The fungus Epichloë typhina, several other species of Epichloë, and the closely related asexual species of form genus Neotyphodium, are symbionts of cool-season grasses, which are known as “endophytes.”
Endophytic fungi enter seeds via an infected mother plant and are disseminated with that seed. As the infected seeds germinate, the fungus grows between cells into the crown and up the leaf sheaths of the emerging seedlings. Epichloë and Neotyphodium fungal infections persist for the life of the plant and have little or no negative effects on their hosts. Quite to the contrary, the positive benefits of endophyte-infection in cool season turfgrasses are well known.
Endophyte-infected grasses – fescues and ryegrasses carry the infections, while bluegrasses and bentgrasses do not – are more drought tolerant, have more root biomass, fix nitrogen better and are generally more vigorous than their uninfected counterparts. These fungi also produce a variety of fungal alkaloids that deter the feeding of grazing animals including several leaf-feeding insect pests, and as such, have become important parts of turfgrass integrated pest management systems.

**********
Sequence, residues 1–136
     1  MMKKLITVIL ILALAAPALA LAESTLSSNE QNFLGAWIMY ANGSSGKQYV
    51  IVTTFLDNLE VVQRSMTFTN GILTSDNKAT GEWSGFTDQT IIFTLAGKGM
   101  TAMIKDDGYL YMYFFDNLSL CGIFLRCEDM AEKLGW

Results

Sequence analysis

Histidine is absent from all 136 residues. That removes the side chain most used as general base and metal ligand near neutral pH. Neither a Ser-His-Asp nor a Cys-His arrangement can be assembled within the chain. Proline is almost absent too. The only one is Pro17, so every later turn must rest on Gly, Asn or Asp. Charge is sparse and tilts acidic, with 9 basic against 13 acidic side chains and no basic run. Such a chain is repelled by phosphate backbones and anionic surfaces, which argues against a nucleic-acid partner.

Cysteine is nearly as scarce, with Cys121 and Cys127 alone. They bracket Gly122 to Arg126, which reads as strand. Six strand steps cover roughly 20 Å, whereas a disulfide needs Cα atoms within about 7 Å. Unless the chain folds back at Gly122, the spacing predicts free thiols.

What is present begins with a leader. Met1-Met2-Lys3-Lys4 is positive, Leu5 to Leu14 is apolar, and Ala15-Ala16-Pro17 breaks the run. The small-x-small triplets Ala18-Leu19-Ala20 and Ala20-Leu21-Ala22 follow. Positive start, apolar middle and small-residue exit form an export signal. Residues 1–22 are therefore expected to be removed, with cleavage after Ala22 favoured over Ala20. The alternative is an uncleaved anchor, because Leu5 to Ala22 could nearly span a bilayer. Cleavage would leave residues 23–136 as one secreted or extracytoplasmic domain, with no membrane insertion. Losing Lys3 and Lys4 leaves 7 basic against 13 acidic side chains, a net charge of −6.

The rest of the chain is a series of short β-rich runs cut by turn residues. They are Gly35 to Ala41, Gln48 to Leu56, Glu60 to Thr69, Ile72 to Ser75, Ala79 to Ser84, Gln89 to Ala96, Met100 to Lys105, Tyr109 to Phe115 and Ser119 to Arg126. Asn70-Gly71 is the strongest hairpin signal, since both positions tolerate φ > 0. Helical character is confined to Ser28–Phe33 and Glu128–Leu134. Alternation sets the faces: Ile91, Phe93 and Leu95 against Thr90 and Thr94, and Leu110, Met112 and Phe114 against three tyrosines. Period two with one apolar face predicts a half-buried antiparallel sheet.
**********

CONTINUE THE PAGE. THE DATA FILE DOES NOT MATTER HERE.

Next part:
In certain endophyte species, the initiation of a seed head in an infected grass plant can trigger the fungus into a sexual reproductive cycle. In this rare developmental stage, the fungus produces a spore forming stroma on the emerging inflorescence that stops the development of the seed head. When this happens, the disease is termed “choke disease.” Infected plants look like little green Q-tips™ in the turf canopy.
Don’t let the possibility of a choke outbreak keep you from using endophyte-infected grasses in your pest management program. Unless you are in the business of seed production, choke is just another wonder of nature that will simply mow off in another pass or two.
Click here for more information on commercially available turfgrass varieties that are endophyte-infected.